Q: How would you rate Amazon.com Inc. (AMZN), which has great customer care but a bad reputation for employees?
I’ll give you the most precise answer I can. But I don’t have a good enough fact set—none of us do.
My experience is that there is usually more to the story. There are probably some things that need to get fixed and there are probably things that were told in a way that is consistent with the storyteller’s objectives and not with the truth. I don’t really know what the answer is on that.
But, when you see company that has a problem with one stakeholder but other stakeholders are doing well, that’s an opportunity.
The organizing principle is simple: Listen to the CEO talk! It would be interesting to have a BBQ or go to dinner with that CEO. Would you work for them? If you can answer yes to that, you have learned a lot. You’ve got some data.
Q: What is the single most important trait investors should have?
A few things come to mind. The first is humility—the willingness to be wrong or to not know. It’s the lack of humility that causes people to not sell a bad position, or fix a problem.
That brings us to the second piece: A learner mindset. If you’re not learning all the time, how can you be a good investor? Your desire to learn over time will make the difference.
The third is a long-term horizon. If you can think about what happens over the course of the next 5, 10, 15 years, you can make different decision about whether you want to be an investor in a company, fund, what have you. The quarter-long view or the year-long view is useful, but the ability to extend that over the next decade will make a meaningful difference.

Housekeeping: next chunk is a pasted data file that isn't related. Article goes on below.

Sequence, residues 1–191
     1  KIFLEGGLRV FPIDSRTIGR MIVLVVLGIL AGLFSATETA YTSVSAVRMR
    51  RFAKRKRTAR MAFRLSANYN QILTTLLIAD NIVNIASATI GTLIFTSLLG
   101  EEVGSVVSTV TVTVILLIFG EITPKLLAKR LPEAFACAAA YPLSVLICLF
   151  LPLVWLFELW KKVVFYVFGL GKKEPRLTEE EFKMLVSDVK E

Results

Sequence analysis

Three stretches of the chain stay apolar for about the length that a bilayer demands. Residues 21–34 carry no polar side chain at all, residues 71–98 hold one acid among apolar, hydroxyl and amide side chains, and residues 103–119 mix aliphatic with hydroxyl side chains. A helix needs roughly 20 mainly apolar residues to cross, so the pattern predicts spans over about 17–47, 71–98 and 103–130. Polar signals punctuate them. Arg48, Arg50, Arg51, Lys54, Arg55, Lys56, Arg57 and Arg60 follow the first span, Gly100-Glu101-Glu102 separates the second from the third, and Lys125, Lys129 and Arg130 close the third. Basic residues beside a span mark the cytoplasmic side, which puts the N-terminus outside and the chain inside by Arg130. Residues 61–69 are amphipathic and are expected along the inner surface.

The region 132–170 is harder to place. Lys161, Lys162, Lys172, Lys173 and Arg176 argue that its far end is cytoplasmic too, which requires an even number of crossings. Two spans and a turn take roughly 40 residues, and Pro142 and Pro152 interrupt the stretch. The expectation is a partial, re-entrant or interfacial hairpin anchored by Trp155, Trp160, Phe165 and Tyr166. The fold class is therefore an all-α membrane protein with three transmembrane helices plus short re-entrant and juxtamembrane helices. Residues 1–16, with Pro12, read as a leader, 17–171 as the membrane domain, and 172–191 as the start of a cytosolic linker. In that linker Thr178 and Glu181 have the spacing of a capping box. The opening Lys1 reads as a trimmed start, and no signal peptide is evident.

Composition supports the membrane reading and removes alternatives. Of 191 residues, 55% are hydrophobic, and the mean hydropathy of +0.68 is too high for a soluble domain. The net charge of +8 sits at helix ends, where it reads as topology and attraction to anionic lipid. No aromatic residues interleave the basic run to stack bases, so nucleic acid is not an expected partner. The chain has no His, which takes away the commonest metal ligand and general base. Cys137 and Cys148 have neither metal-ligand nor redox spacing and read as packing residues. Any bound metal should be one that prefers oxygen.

Q: Who had the greatest influence on your investment philosophy?
It’s less financial, but it ties into this. Teddy Roosevelt. Anyone who gets shot in the middle of a speech and says, “I’m gonna go ahead and finish the speech”—That’s a good starting place. He was willing to take a stand and had the capacity as a human to actually move the world forward. He was willing to be different.
Q: What is your favorite financial term?
I have a couple of them, and also a least favorite.
The first favorite is conscious capitalism. It creates a different framework for thinking about how to invest.
The second one is asymmetry. This is a big part of our investment philosophy. We think that all of the different flavors and derivatives of modern portfolio theory are bunk. It’s just a cop out to say, “We can’t create enough alpha to justify our existence, so let’s use the efficient frontier and modern portfolio and say that risk and reward are symmetric.” No they’re not. The entire complex shouldn’t exist in that case. Let’s just go by the index and get on with it.
But you have to do work. It’s not easy. If you are not willing to do the work to find asymmetry, not willing to take a stand and say “I see information here that other people don’t see,” or “I make different conclusions about the data that everyone else sees,” then you can’t create asymmetry.
I also have a least favorite term: Smart beta. It’s one that has had me cracking up recently.